The Medical Tattoo Assistant: Guidelines for an Emerging Profession : Plastic and Reconstructive Surgery

Journal Logo

Viewpoints

The Medical Tattoo Assistant: Guidelines for an Emerging Profession

Becker, Stacie J.; Cassisi, Jeffrey E. Ph.D.

Author Information
Plastic and Reconstructive Surgery: November 2021 - Volume 148 - Issue 5 - p 875e-877e
doi: 10.1097/PRS.0000000000008475
  • Free

The application of medical tattooing in plastic and reconstructive surgery for scar concealment, nipple-areola complex reconstruction, and other cosmetically restorative processes is supported by a significant empirical literature.1 Patient and physician outcome ratings are very high. A review of the methods used in these studies reveals an accumulation of specialized scientific knowledge concerning applications, equipment operation, and artistic technique. The establishment of the medical tattoo assistant as an allied health profession is necessary to protect the public and to ensure the highest quality service.

The medical tattoo assistant should have accepted treatment guidelines, professional standards, and an essential training curriculum. The medical tattoo assistant is not only concerned with the technical aspects of tattooing but also focuses on artistic techniques. The artistic application of tattoos can simulate three-dimensional structures, as illustrated in Figure 1. There are several existing training programs that have established curriculums for medical tattooing, but they have not been organized as part of a recognized profession.

F1
Fig. 1.:
Nipple-areola complex tattooing. (Left) Before tattooing. (Center) After nipple-areola complex tattooing. (Right) After decorative scar concealment.

We propose an approach to training and a standardized curriculum for the medical tattoo assistant. Admission to such professional training programs should require a license in the jurisdiction of practice and documented traditional tattooing experience with submission of a portfolio. Admission committees should be made up of stakeholders, including physicians and representatives from patient/consumer communities. The proposed standardized curriculum for the medical tattoo assistant is listed in Table 1. This is an interdisciplinary study at the associate in arts degree level. As with most clinical fields, training should recognize that practice is both a science and an art. Public health and safety considerations relevant to the general art of tattooing are reviewed in a recent dermatology textbook2; however, many more course materials need to be developed for prebaccalaureate level training of the medical tattoo assistant. The training curriculum should not be proprietary, and the requirements and core concepts should be transparent and generally agreed upon. New knowledge and information should be disseminated via peer-reviewed empirical literature in professional journals. The goal is to have multiple training programs that meet standards of accreditation from the Accrediting Bureau of Health Education Schools.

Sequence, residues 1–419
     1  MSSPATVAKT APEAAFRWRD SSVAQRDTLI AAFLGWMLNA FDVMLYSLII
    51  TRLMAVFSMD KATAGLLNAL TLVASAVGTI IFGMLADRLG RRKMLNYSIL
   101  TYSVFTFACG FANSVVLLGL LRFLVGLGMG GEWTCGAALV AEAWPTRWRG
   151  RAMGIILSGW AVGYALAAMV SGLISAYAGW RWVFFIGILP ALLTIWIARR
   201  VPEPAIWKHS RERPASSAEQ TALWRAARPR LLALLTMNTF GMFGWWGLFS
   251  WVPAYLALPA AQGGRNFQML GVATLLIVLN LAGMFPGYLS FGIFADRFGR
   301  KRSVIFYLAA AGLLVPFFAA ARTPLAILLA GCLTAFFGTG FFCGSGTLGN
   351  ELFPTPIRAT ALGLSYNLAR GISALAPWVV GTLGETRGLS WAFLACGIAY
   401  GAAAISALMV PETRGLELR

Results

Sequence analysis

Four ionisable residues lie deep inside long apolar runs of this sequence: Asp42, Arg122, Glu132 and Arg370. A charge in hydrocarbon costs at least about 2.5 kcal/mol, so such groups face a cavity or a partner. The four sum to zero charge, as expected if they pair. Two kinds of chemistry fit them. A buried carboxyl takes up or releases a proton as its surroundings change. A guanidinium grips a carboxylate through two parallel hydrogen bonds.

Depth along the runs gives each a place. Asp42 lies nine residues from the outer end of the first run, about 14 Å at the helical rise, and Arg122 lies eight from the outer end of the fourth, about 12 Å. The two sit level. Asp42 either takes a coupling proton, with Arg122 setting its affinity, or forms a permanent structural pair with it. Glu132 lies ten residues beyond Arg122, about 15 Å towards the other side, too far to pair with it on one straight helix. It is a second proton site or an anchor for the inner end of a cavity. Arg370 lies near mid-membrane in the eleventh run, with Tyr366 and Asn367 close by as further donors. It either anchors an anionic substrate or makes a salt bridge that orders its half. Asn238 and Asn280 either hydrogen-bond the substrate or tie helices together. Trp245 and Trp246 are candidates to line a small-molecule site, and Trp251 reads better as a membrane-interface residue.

Table 1. - Proposed Curriculum for Medical Tattoo Assistant Training*
Area of Study Suggested Courses
Health science Anatomy
Medical terminology
Dermatological concepts for nonphysicians
Skin pathology
Reconstruction techniques (breast, nipple, skin grafting)
Scar causes and types (burns, keloids, surgical, necrosis, trauma)
Prevention of the transmission of communicable diseases (bloodborne pathogens)
Cardiopulmonary resuscitation/first aid
Signs of infection
Health administration HIPAA training
Billing/coding
Care settings and communication structures (collaborative, collocated, integrative)
Ethical standards for human service professionals
Psychology Body image/body dysmorphia
Self-esteem
Quality of life
Health psychology
Indicators of severe psychopathy
Indicators of unrealistic expectations
Art Drawing fundamentals 1
Drawing fundamentals 2
Color theory
Drawing human anatomy
Painting fundamentals
Tattooing Tattoo history/introduction to tattooing
Tattoo equipment knowledge (needle configurations, tattoo machine mechanics, pigments)
Clinical room setup
Patient prep and aftercare
Tattoo application and techniques (needle depth, needle angles, skin stretching, needle selection)
Clinical
Observing/assisting
Supervised application
HIPAA, Health Insurance Portability and Accountability Act.
*Acknowledgment: The Sauler Institute, with locations in Pennsylvania, New York, and New Jersey, offers medical tattoo training in a week-long workshop that covers many of these topics. The curriculum described above is intended to be incorporated at the college level in a multisemester program.